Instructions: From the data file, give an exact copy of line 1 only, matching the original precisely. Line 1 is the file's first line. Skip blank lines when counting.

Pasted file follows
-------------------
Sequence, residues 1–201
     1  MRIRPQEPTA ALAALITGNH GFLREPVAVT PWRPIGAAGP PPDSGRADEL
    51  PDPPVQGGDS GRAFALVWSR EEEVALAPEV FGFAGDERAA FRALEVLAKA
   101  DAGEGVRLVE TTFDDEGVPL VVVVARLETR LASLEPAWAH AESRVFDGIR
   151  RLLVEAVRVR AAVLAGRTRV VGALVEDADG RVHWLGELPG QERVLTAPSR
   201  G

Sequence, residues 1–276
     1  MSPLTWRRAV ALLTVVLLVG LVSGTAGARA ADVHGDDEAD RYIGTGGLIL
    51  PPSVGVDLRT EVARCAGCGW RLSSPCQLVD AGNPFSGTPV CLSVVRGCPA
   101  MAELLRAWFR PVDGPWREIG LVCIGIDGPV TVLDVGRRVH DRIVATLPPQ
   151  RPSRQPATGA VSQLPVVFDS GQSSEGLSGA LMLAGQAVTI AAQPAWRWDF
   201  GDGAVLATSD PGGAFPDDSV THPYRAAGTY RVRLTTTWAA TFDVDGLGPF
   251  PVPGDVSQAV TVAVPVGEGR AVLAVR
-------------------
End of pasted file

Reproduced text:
Sequence, residues 1–201